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James W. Rushing, Robert J. Dufault, Richard L. Hassell, and B. Merle Shepard

Feverfew has aspirin-like properties and has been utilized for the treatment of pain, particularly migraine headache. Parthenolide is the sesquiterpene lactone believed to be responsible for the medicinal properties. The potential for utilizing existing tobacco production and handling systems for the production and postharvest handling of feverfew was investigated. In year one, 8 commercial tobacco growers each planted about one-half acre of feverfew (Tanacetum parthenium L. Schulz-Bip.). The yield of dry herb varied among farmers from about 122 to 772 (55 to 350 kg) pounds per half-acre. The parthenolide content of the dried herb from most producers was within the range desired by industry, but four factors precluded its salability: a) presence of foreign matter, primarily weeds; b) excessive ash content due to contamination from sandy soils; c) mold resulting from processing with excessive moisture content, and; d) insect infestation (tobacco beetles Lasioderma serricorne) during storage. All of these limitations resulted from the failure to implement good agricultural aractices (GAPs) and good manufacturing practices (GMPs) during production and handling of the product. A second planting of the feverfew was carried out with strict attention to GAPs and GMPs. In this trial, all of the dried feverfew met the requirements for sale. Here we report on the management of production and handling systems for feverfew that can enable growers to produce high quality herbs that meet the high standards for medicinal use.

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Richard L. Hassell, Robert J. Dufault, Tyron Phillips, and Teri A. Hale

Seeds of pale coneflower (Echinacea pallida), purple coneflower (Echinacea purpurea), feverfew (Tanacetum parthenium), and valerian (Valeriana officinalis), classified as “old” (1-year-old seed) or “fresh” (seed crop produced in the current year), were germinated at 62, 65, 69, 72, 75, 78, 82, 85, 89, and 92 °F, (16.7, 18.3, 20.6, 22.2, 23.9, 25.6, 27.8, 29.4, 31.6, and 33.3 °C). The optimum germination temperature, defined in this study as the temperature range within which the percent germination is greatest in the shortest period of time, was determined. Old and fresh pale coneflower seed germinated optimally after 5 days at 69 °F. Old purple coneflower seed required 5 d at 78 to 82 °F, but fresh seed germinated optimally after 3 days at 75 °F. Old feverfew germinated optimally after 5 days at 65 °F, but fresh seed germinated to its optimum after 5 days at 69 °F. Old and fresh valerian seed germinated to its optimum after 3 days at 75 °F.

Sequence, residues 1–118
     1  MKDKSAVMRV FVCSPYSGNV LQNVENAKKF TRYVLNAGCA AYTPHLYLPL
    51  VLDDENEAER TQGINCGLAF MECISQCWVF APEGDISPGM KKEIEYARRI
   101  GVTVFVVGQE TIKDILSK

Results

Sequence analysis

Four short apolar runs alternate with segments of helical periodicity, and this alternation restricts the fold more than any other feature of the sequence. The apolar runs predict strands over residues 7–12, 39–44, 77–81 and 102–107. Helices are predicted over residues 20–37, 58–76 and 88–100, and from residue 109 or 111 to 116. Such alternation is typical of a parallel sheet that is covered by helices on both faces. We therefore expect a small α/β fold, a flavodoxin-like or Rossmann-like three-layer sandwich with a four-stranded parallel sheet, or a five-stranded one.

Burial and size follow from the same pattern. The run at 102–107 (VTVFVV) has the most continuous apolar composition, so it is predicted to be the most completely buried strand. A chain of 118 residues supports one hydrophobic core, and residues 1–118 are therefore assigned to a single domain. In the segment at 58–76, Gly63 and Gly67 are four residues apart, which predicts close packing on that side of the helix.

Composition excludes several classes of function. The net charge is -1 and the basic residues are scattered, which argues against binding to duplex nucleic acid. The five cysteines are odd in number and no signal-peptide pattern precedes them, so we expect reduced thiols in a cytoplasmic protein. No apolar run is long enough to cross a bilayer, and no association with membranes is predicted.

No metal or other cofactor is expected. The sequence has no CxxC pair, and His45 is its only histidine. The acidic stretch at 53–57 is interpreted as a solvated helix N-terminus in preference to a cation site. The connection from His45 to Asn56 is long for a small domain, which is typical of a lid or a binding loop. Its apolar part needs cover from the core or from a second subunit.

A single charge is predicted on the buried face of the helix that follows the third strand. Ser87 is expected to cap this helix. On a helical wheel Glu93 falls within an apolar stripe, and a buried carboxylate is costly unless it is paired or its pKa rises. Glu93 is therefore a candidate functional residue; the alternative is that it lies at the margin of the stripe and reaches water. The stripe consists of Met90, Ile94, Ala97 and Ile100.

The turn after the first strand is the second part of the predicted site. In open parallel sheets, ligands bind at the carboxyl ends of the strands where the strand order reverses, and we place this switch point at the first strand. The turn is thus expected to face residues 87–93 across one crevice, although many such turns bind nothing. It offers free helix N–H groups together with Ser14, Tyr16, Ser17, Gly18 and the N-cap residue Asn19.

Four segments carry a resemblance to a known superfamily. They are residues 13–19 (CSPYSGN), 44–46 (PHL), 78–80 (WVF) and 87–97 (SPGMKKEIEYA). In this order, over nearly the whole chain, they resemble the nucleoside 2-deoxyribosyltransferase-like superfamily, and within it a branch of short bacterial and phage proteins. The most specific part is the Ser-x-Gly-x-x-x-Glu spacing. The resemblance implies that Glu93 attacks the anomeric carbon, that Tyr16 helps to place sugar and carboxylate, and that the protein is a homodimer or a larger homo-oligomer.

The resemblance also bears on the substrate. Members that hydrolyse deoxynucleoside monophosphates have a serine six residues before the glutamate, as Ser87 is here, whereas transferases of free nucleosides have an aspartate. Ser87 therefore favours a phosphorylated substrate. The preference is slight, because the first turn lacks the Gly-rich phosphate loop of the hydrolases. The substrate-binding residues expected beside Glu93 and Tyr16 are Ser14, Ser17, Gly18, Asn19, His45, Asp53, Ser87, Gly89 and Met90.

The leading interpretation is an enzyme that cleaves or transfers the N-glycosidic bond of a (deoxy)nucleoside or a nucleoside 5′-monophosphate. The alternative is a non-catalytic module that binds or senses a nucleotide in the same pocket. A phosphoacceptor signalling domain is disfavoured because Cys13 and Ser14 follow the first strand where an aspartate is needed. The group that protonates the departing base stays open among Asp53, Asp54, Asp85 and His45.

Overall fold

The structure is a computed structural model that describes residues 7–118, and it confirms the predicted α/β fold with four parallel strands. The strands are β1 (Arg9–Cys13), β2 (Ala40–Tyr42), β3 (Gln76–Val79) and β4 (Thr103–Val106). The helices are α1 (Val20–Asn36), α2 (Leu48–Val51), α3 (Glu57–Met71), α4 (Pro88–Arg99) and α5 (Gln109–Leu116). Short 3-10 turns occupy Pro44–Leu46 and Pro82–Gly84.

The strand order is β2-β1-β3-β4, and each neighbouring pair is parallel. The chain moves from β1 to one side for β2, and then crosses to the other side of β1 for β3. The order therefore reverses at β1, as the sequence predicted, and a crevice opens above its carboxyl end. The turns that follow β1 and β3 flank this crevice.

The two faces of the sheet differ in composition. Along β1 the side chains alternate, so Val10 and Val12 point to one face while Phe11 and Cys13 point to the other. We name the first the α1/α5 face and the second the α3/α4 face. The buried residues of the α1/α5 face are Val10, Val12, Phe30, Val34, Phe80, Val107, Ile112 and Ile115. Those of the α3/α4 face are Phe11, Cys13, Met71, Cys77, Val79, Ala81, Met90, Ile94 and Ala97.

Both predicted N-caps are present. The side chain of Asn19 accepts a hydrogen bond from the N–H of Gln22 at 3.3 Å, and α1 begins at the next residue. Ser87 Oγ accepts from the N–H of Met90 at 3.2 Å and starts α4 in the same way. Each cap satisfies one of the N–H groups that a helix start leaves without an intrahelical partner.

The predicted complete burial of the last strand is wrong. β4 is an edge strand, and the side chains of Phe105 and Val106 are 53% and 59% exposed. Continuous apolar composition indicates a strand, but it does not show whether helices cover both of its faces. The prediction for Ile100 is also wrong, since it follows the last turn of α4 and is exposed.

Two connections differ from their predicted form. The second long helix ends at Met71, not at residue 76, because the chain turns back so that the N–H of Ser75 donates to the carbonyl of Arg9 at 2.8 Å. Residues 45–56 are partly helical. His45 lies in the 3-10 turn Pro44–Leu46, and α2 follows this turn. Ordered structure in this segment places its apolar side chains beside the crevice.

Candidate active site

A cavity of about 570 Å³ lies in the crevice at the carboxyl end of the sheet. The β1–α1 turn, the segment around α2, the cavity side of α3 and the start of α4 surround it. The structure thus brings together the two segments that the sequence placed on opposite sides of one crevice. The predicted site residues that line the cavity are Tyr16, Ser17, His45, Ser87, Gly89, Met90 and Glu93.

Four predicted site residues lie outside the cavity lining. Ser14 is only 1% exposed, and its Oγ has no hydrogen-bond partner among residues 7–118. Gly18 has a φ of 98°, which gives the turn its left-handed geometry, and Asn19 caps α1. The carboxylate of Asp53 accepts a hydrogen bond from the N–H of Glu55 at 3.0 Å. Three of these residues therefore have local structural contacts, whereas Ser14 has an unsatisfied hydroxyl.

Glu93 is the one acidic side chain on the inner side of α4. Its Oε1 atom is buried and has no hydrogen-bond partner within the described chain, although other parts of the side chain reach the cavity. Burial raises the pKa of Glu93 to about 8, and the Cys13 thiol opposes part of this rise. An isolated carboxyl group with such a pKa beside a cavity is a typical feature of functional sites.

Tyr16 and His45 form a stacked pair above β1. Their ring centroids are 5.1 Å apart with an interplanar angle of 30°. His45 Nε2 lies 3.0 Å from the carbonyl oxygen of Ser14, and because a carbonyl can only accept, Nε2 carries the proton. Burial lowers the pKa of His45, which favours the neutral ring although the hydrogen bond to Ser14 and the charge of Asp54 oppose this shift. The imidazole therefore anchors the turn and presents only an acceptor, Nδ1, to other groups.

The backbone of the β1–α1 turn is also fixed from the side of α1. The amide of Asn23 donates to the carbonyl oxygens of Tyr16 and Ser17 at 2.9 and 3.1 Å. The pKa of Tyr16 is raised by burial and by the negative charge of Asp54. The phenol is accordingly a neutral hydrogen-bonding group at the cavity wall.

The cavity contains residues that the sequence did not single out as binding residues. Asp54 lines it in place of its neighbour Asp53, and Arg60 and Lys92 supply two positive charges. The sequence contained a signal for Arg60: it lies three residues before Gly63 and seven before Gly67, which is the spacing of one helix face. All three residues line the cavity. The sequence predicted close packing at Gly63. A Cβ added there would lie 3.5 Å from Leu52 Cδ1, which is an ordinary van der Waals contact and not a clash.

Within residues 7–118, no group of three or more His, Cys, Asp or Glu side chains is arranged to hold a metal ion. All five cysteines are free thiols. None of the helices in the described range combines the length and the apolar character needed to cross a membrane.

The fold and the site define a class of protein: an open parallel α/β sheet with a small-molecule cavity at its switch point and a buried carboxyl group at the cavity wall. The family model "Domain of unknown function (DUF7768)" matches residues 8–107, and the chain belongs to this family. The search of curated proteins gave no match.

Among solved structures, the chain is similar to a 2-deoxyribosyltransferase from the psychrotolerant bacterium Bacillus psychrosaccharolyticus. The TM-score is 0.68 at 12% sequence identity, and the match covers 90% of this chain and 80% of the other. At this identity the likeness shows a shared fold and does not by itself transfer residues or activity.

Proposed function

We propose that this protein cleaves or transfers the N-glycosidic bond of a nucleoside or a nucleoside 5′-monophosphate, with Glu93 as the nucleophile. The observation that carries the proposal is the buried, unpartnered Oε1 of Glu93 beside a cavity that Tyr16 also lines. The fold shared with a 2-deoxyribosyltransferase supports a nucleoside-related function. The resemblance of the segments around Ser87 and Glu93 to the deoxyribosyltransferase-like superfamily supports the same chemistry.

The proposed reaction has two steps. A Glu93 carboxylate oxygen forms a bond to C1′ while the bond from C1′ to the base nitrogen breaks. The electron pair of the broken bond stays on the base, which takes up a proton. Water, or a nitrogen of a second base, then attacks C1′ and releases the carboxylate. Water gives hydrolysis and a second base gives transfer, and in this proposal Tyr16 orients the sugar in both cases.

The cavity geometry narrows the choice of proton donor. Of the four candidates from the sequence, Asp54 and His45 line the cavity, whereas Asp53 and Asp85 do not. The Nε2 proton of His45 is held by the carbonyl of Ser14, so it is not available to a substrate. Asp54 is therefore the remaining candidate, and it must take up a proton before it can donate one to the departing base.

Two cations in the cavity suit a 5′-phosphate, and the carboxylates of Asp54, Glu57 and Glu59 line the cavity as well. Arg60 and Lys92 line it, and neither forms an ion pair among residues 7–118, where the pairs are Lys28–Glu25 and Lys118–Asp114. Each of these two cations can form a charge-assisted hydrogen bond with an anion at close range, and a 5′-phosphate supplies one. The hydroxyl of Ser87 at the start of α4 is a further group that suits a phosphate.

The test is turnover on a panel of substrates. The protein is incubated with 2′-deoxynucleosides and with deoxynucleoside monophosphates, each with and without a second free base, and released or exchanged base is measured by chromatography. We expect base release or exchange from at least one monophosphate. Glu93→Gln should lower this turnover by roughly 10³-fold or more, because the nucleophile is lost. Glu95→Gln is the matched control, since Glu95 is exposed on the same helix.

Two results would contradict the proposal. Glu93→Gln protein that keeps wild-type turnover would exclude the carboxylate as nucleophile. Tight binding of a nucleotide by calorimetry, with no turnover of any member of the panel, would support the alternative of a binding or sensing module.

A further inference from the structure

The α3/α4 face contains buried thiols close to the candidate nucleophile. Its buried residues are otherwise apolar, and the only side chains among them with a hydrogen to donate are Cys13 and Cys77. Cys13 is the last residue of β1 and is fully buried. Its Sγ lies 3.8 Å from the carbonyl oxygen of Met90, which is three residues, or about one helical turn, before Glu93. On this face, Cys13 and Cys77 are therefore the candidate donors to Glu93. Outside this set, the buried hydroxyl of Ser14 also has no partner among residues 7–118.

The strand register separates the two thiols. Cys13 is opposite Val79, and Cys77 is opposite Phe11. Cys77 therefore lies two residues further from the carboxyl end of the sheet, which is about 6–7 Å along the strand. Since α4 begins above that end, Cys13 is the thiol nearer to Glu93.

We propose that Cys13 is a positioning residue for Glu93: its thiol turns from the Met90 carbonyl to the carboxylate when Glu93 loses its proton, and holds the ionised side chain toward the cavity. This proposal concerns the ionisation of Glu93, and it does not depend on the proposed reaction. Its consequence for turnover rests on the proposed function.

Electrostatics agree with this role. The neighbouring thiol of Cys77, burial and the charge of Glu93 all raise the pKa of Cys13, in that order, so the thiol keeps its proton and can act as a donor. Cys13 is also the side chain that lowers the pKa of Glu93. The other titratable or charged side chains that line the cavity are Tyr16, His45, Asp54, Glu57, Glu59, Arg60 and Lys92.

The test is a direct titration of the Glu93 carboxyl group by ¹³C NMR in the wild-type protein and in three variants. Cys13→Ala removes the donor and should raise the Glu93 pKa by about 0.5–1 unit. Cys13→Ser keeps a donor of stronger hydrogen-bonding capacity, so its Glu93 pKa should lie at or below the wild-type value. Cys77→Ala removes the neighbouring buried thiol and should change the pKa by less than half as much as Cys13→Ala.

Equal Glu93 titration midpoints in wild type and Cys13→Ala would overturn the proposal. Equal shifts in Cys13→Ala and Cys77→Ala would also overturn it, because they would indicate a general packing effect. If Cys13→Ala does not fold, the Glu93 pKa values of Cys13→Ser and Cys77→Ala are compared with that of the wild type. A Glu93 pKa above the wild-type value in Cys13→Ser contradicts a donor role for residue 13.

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Robert J. Dufault, K. Dean Batal, Dennis Decoteau, J. Thomas Garrett, Darbie Granberry, Wayne McLaurin, Russell Nagata, Katharine B. Perry, and Douglas Sanders

The experiment screened two spring and two fall planting dates in six regions within North Carolina, South Carolina, and Georgia. The objective was to extend the production over the southeastern United States rather than at a single location. Spring harvests lasted from mid-April to early July. Summer-to-winter harvests lasted from mid-August to late January. Collards were not harvested in any of the locations from late January to mid-April or from early July to mid-August. More extensive planting dates may further increase the longevity of production.

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Laurie Hodges, Douglas C. Sanders, Katharine B. Perry, Kent M. Eskridge, K.M. `Dean' Batal, Darbie M. Granberry, Wayne J. McLaurin, Dennis Decoteau, Robert J. Dufault, J. Thomas Garrett, and Russell Nagata

Four bell pepper (Capsicum annuum L.) cultivars were evaluated for yield (total weight of marketable fruit) performance over 41 environments as combinations of 3 years, three planting dates, and seven locations across North Carolina, South Carolina, and Georgia. Cultural practices, including trickle irrigation and double rows planted on black-plastic-covered beds, were uniform across all environments, except for fertilization, which was adjusted at each location based on soil tests. Comparing production over 3 years between the mountain location and the Coastal Plain location in North Carolina, yields were lower on the Coastal Plain. Spring plantings provided higher yields than summer plantings at both locations. Yield increases were obtained from hybrid cultivars over that of the open-pollinated (OP) standard [`Keystone Resistant Giant #3' (KRG#3)] in the summer planting in the mountains compared to the Tidewater Coastal Plain. Across the three-state region, hybrid cultivar yields were higher than those of the OP cultivar for the second spring planting date in 1986 and 1987. Although the hybrid yields were higher than that of the OP standard, the hybrid `Skipper' yielded less than the other hybrids (`Gator Belle' and `Hybelle'). `Gator Belle' generally out-yielded `Hybelle' at all locations, except in Fletcher, N.C. This difference may be related to the relative sensitivity of these two cultivars to temperature extremes, rather than soil or geographic factors, because there was a tendency for `Hybelle' yields to exceed `Gator Belle' in the earliest planting date. Based on the reliability index, the chance of outperforming KRG#3 (the standard) was 85% for `Hybelle', 80% for `Gator Belle', but only 67% for `Skipper'.